Part V of Ruth Suckow’s Iowa-based novel, The Folks, is entitled The Youngest. The youngest of the four Ferguson children is Bunny, who had appeared without much explanation between Part I (three children) and Part II (four children). He is the unexpected addition, the one Mr. and Mrs. Ferguson could just relax and enjoy. Other children might complain,
But Bunny was always happy. When his mother thought of her youngest, a smile of fond contentment curved her lips. She could truly say that he was the one of their children who had “never caused them a moment’s trouble.” Coming late, he had seemed just to fit in quietly, with a mixture of affectionate youthfulness and queer, understanding maturity.
As my mother-in-law used to day, don’t praise the day before it’s over. The troubles with Bunny when they come are multiple: he marries without telling the folks, he chooses an undesirable bride, he is radicalized by her. The interest in the story is not in Bunny’s actions which, even in the context of the story and the times, are not completely believable. The impact comes from his parents gradual accommodation to his choices.
There was a new order of business to which he didn’t belong…. He was the old style of banker, he could now admit that freely to himself. An account to him was a trust rather than an opportunity.
What did moderately prosperous Iowans do when they retired in the 1930′s? Move to California, of course. So they try it. Daughter Dorothy (the pretty one) is there, as is Mrs. Ferguson’s wealthy sister. The road trip reminded me, ironically, of The Grapes of Wrath. Unlike Steinbeck’s struggling farmers, the Fergusons travel in comfort but, like them, do not know what they will find. Along with their own experiences, they have a sense of the struggle of others. For migrant workers, of course, it is the struggle against terrible deprivation, of concern with the next meal. For the Fergusons, it is learning that the daughter they had thought so secure is not, that banks at home are failing, and old friends are dying. This leads Mr. Ferguson to question what he has always known.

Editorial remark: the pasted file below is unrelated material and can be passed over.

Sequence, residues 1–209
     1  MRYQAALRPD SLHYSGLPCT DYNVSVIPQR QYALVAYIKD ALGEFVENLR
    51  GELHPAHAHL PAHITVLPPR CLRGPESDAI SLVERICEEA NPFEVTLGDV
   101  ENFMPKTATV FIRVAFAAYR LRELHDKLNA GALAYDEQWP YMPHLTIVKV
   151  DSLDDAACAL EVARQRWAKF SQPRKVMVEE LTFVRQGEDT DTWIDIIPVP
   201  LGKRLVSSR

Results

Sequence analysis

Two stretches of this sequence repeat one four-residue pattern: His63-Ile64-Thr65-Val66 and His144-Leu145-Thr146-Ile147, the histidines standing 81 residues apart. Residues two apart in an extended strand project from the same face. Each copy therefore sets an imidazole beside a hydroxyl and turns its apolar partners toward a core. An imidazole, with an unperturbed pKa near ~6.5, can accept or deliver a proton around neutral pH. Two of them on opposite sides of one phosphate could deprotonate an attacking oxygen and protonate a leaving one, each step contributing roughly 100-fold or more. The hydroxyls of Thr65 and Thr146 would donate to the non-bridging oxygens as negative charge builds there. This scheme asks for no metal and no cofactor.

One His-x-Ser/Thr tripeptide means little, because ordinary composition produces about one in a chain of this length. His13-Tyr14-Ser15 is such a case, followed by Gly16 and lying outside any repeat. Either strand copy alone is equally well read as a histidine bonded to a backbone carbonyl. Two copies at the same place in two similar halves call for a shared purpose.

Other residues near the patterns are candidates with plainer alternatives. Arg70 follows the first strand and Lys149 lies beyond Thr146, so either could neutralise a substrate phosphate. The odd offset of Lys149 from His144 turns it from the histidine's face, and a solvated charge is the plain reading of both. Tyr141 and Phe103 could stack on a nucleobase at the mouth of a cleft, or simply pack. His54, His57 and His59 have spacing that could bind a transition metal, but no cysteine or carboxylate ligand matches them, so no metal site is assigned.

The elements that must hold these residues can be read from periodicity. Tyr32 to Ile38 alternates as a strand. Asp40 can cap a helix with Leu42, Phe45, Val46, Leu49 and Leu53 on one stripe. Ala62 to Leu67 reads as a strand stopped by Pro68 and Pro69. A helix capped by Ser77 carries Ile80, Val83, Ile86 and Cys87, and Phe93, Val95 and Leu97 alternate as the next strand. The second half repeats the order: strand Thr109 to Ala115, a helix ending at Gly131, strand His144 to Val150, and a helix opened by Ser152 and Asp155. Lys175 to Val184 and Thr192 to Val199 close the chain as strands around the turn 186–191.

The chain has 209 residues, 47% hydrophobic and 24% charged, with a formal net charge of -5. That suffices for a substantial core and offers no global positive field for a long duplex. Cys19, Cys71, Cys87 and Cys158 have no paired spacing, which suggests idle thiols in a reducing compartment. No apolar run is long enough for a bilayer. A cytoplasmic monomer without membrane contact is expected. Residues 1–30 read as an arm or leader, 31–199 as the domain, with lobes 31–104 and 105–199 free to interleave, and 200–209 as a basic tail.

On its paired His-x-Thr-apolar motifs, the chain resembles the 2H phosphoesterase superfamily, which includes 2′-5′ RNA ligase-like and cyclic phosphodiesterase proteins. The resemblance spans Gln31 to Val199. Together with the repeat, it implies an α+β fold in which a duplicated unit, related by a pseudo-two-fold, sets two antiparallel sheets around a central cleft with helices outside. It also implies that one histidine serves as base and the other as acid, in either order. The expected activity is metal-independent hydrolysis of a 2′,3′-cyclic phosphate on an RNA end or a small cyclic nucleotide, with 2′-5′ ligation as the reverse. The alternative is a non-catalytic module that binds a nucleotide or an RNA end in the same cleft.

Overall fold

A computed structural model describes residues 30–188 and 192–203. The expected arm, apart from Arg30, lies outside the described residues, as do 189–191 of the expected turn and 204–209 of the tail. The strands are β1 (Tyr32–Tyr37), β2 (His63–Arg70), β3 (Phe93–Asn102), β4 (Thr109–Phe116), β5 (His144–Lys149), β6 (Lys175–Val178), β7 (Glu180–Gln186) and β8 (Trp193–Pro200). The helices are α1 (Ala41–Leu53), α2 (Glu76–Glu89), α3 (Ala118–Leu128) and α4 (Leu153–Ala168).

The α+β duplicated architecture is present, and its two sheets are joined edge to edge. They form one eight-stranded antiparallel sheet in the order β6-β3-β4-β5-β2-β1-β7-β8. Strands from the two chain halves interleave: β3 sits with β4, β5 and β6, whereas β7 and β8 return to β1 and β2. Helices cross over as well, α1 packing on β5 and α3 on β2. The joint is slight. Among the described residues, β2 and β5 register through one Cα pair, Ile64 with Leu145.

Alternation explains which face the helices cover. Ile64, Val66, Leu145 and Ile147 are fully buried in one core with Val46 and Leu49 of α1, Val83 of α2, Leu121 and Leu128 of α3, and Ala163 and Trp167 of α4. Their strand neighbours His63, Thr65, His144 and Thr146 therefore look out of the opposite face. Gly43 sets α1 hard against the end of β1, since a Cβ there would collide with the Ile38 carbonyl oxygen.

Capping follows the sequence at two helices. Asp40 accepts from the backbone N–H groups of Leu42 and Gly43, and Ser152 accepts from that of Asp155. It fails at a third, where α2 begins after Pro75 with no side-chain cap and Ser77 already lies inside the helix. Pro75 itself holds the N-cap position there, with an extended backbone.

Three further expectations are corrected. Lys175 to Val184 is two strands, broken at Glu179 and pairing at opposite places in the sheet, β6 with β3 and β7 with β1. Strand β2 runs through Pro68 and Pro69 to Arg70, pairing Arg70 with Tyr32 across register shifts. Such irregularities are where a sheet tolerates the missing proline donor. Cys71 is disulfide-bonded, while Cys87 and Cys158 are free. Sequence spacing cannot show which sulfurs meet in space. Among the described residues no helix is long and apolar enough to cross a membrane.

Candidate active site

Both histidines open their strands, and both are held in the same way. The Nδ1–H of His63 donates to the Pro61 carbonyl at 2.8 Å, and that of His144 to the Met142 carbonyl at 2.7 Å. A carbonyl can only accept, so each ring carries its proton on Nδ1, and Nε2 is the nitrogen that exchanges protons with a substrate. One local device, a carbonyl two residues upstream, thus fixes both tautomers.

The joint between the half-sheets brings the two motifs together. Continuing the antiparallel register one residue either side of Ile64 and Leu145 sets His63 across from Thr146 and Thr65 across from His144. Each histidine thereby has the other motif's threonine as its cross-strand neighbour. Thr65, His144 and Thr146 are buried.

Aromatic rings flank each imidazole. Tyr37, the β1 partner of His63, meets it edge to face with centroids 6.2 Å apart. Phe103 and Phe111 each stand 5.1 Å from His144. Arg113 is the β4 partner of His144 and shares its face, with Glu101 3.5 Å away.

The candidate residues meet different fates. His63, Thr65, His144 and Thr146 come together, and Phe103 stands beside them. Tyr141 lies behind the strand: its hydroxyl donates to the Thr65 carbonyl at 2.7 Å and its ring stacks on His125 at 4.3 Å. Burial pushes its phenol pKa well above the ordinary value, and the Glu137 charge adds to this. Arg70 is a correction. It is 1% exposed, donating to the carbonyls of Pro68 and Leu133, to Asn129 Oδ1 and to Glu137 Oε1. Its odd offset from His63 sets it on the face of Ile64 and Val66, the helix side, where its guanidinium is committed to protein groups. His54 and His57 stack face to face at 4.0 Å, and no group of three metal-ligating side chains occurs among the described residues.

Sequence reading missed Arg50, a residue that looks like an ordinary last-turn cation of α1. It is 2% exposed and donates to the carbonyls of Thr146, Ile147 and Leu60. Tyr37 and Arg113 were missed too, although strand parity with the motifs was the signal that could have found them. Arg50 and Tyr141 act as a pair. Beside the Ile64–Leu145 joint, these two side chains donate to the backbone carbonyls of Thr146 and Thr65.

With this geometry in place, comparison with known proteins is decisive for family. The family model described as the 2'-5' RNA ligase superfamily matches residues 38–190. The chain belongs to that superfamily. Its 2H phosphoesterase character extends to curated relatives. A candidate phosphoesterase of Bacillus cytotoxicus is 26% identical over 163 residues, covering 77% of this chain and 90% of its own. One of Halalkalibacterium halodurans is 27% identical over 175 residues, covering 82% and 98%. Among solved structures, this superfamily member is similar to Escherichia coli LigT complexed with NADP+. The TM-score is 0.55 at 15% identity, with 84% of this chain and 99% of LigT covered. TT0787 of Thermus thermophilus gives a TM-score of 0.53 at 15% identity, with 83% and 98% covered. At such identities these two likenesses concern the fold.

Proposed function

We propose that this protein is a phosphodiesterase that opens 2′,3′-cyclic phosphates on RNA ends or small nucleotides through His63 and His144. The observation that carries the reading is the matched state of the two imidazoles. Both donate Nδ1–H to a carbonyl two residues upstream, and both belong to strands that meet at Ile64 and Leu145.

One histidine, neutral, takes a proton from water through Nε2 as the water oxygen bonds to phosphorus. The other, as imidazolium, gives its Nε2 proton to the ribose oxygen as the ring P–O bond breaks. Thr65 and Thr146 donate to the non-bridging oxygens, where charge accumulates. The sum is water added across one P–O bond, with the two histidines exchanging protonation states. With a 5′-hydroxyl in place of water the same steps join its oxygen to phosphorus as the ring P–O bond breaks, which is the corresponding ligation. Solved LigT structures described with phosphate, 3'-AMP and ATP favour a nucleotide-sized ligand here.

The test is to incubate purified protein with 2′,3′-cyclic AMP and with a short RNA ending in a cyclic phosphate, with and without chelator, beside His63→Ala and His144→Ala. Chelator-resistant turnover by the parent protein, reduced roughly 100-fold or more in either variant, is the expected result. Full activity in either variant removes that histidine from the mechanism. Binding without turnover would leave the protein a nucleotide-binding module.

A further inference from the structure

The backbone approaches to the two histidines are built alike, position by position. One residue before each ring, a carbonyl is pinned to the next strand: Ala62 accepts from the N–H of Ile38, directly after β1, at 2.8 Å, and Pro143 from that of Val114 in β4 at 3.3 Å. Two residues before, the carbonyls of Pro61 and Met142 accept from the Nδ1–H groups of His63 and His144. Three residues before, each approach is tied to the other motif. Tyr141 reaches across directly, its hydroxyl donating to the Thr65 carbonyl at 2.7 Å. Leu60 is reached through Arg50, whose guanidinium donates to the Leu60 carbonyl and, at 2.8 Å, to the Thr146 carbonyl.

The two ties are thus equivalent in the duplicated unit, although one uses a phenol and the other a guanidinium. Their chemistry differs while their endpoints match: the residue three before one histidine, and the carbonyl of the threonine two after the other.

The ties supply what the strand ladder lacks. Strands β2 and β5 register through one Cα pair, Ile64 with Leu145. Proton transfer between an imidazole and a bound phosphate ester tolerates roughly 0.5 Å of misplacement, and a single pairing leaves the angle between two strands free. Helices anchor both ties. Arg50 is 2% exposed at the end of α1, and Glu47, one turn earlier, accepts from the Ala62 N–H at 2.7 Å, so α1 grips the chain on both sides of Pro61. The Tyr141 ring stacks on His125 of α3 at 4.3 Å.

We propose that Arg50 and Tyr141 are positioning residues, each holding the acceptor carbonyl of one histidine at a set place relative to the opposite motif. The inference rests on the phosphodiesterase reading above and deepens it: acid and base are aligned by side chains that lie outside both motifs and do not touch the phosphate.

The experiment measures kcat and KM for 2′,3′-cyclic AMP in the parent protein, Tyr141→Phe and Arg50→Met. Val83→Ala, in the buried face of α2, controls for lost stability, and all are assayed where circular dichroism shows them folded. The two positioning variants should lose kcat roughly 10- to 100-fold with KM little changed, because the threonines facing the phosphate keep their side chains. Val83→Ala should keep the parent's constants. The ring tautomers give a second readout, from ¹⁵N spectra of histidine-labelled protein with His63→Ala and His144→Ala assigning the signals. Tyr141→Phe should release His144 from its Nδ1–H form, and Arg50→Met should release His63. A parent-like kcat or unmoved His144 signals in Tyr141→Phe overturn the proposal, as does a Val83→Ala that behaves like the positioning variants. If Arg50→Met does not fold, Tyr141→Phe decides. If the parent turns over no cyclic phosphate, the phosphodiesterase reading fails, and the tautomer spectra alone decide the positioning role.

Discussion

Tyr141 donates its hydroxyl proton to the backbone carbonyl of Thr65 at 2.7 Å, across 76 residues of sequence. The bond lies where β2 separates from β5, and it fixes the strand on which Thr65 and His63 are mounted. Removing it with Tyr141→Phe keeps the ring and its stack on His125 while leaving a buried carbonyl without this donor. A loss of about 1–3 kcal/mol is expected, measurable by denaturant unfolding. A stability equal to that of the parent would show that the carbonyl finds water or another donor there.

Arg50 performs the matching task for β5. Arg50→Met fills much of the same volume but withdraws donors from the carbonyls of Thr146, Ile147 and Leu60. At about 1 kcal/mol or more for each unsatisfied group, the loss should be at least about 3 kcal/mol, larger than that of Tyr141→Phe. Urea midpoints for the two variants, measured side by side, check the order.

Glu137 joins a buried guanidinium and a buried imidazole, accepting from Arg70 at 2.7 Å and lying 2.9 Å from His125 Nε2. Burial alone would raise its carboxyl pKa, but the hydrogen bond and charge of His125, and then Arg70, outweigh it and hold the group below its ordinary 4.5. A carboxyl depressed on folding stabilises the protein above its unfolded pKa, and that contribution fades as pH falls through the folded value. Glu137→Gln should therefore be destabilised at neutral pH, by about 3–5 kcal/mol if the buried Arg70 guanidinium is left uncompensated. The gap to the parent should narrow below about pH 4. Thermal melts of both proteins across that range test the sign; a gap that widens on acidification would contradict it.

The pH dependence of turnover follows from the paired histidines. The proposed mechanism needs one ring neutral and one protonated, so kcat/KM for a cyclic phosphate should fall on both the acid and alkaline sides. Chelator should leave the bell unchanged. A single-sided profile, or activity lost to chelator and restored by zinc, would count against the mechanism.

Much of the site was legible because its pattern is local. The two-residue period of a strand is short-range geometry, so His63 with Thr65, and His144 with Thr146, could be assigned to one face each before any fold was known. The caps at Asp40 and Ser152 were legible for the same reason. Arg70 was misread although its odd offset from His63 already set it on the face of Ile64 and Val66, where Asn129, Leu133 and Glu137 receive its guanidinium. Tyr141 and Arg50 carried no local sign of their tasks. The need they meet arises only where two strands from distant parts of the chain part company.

He was aware of a sense of change pervading everything, although it wasn’t a thing he could touch or locate. He couldn’t say how or when it had happened, but the old, simple surety seemed to be gone — the old bright, simple faith in the way things had started and were likely to continue. The church of his fathers was empty. Even his town, in which he had placed his trust, never doubting that it must follow a steady growth to a fine destiny, seemed instead to have come to a standstill.
The Folks is an account of three generations of a family who live in a particular place at a particular time. The strength of the book comes from the realism of this setting and the customs and attitudes it supports. The individual characterizations are somewhat weaker, although Annie Ferguson is a woman I can understand. As the children grow up and begin separate lives, she waits for her own to belong to her again. It never quite does, and she comes to know it is not possible, just as Mr. Ferguson now understands that the certainties of the past are not going to return either.